Wells: I’m going to tell you what I would do if I were her in that situation: I would insist to the flight attendant that I needed a different seat and say that I’m an at-risk person and I can’t sit next to the person.

Yoga lawns, giant chess, and glamping wagons: These are the 10 most popular campsites and RV resorts across the US right now

  Yoga lawns, giant chess, and glamping wagons: These are the 10 most popular campsites and RV resorts across the US right now From a luxury RV resort in Colorado to an Old West-themed park in Maryland, here's where Americans are traveling this summer.

Hamblin: Yeah, I think that would be a great move. If it’s a full flight, your options might be more limited. But I just have to think that there’s enough collective spirit right now that it wouldn’t just be the flight attendant scolding that coughing person who refuses to wear a mask; it would be, like, the entire seven rows all around that person. [Laughs]

Wells: All right, here’s another question: What about public restrooms? She’s going to wear a diaper to avoid public restrooms. Is that what she should do? You’ve told us about toilet plumes. It seems like public restrooms have the potential to be dangerous, right?

Hamblin: You should not have to wear a diaper. Public restrooms are supposed to have ventilation systems that suck air out of the restroom, and anything lingering in the air is not lingering long.

Wells: Do airplane bathrooms have that?

Hamblin: Airplane bathrooms have ventilation like the rest of the plane. One thing is that you should still wear a mask. I wouldn’t assume it’s safe just because you’re alone. I would still wear the mask. We know that flushing a toilet has the capacity to aerosolize virus, if there was virus in the stool that was in that toilet. We don’t know how much virus would have to be present in order to infect someone, and airplane bathrooms are kind of weird. They don’t have the same swirling water mechanisms—they just suck down. I don’t believe they have specifically been studied as a contributor.

Is It Safe to Fly Right Now? Here's What Experts Have to Say

  Is It Safe to Fly Right Now? Here's What Experts Have to Say We spoke with medical, aviation, and travel experts to answer the question of whether or not it’s safe to fly right now. The answer is complicated and comes with caveats. Even still, is it actually safe to take a flight right now? According to the medical, mathematical, aviation, and travel experts we spoke with, the answer is complicated and comes with numerous caveats. While it may be safe to fly, that doesn’t mean it’s without risk. In a nutshell, it all boils down to weighing the many variables and deciding how comfortable you feel getting back on a plane. Here’s what the experts have to say.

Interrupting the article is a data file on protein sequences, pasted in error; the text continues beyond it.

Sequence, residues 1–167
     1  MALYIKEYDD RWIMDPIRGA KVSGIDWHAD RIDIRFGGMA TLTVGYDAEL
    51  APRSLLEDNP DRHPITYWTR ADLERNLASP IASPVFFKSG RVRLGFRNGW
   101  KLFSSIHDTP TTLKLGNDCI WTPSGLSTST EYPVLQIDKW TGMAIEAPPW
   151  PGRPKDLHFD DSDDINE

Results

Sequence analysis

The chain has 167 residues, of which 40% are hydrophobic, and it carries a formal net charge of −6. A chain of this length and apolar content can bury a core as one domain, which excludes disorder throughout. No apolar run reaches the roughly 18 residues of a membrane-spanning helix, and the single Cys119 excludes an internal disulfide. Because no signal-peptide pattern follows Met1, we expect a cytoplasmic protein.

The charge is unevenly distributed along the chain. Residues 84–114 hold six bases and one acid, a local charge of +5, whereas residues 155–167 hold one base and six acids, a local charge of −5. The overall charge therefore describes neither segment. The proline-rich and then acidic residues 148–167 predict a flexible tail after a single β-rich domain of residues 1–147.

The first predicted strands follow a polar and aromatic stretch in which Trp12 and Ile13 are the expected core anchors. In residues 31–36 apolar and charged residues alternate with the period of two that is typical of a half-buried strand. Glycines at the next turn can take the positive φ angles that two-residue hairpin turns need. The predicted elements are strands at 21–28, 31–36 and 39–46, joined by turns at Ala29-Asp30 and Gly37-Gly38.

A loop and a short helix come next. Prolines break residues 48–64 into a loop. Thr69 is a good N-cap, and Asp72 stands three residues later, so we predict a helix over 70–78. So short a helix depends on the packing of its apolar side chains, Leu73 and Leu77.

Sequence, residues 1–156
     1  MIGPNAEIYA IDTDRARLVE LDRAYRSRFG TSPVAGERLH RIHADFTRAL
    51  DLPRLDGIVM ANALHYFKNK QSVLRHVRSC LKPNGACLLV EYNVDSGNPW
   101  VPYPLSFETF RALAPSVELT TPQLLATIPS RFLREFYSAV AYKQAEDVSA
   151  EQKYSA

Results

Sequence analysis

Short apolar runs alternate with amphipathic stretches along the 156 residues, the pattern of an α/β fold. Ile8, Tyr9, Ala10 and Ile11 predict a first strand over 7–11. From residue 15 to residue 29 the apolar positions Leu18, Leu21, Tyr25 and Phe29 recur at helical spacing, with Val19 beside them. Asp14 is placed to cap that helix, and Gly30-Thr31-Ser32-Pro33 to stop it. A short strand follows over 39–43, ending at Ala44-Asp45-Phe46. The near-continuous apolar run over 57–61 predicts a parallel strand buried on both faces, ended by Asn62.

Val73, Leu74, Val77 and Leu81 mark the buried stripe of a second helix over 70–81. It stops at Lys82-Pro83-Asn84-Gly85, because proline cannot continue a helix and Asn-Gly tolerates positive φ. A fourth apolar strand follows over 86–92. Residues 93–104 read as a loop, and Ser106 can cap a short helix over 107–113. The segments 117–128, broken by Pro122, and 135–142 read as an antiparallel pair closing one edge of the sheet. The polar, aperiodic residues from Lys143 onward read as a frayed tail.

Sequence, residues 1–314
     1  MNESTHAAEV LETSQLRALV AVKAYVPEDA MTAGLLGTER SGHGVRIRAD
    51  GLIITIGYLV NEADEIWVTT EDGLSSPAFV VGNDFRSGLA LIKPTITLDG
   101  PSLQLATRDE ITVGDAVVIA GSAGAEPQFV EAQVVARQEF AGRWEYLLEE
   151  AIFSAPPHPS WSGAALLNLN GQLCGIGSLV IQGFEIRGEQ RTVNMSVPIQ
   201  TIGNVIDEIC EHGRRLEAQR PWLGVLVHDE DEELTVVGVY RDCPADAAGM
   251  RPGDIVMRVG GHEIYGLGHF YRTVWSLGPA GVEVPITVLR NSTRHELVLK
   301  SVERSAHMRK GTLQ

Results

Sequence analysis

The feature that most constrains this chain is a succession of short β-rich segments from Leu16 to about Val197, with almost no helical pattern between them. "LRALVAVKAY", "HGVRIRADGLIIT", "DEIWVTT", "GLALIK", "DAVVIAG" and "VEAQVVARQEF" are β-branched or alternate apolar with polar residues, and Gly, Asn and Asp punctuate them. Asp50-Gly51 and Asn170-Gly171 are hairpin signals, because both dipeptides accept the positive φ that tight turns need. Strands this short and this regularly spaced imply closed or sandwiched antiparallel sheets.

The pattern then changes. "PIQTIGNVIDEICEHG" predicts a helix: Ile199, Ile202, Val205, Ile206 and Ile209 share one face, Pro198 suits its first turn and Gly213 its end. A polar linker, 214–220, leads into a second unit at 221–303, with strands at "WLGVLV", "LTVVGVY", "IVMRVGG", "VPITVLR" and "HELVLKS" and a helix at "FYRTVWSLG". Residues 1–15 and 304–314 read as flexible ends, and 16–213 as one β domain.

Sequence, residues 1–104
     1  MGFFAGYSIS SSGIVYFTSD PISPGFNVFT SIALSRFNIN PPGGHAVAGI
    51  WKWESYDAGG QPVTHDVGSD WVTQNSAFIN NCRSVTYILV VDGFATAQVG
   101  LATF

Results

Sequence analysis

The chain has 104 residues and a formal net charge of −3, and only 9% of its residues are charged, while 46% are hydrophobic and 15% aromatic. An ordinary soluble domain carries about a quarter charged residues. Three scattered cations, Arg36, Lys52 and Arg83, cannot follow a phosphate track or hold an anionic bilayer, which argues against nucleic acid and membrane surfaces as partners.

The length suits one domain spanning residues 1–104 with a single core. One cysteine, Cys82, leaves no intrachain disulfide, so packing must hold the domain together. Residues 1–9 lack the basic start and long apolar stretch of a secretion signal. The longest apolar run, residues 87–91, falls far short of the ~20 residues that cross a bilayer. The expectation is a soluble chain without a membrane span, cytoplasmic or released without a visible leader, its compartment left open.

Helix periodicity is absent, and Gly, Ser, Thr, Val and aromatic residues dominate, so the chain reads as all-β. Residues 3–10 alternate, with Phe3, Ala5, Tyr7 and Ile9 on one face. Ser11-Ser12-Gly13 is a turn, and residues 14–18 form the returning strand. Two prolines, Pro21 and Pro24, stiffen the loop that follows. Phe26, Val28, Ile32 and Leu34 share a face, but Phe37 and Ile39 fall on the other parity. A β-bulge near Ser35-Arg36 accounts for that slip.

Wells: So the most important thing is: If you’re going to use a public restroom, it’s very important to wear the mask.

Hamblin: Right. There’s one important caveat to this discussion. In 1977, there was a flu outbreak on a plane. The plane was on the tarmac, waiting, and they turned off its ventilation system. Thirty-six out of 54 people on the plane got the flu.

Wells: How long were they sitting on the plane?

Hamblin: Four and a half hours. This was not a brief turning off of the system. This is not a reason to have your heart stop if they turn it off briefly. But it should not be practice that they are turning off the ventilation system and having people sit together right now, and maybe they shouldn’t ever do that. So there’s that. And the other issue is deplaning and boarding, where they tend to turn the air off. And some airlines are thinking of creative ways to try to make that process more efficient so you’re not sitting there for 20 minutes after the plane has landed.

Wells: I know that your answer to the original question is: She should get on the plane. But everything you’re telling me—if it were me, I’d be like, I’m not getting on that plane.

Hamblin: It’s a calculated risk, and if you’re 76 and you want to go see your family and the other alternative is waiting two years? That changes the equation.

Wells: It sounds like what you’re describing is the kind of calculation that is always going to be very individual, and that we have to build this muscle for risk calculation if we’re going to live this way for the next few months or even years.

Hamblin: Exactly. And we can all collectively lower risk if we try to limit things like travel to instances when we really feel we need to.

What’s Safe To Do Right Now? The Most Common COVID-19 Questions, Answered .
With states in various stages of reopening, coronavirus cases are increasing across the country. And without standardized guidelines on how we’re supposed to behave, everyone seems to be living by their own rules. Many of us are wondering: What is actually safe to do right now? Is it safe to fly or stay at a hotel? What about a road trip? Can you go to the dentist, restaurant or gym? HuffPost hosted a COVID-19 Q&A with Dr. Kavita Patel,Many of us are wondering: What is actually safe to do right now? Is it safe to fly or stay at a hotel? What about a road trip? Can you go to the dentist, restaurant or gym? 

usr: 0
This is interesting!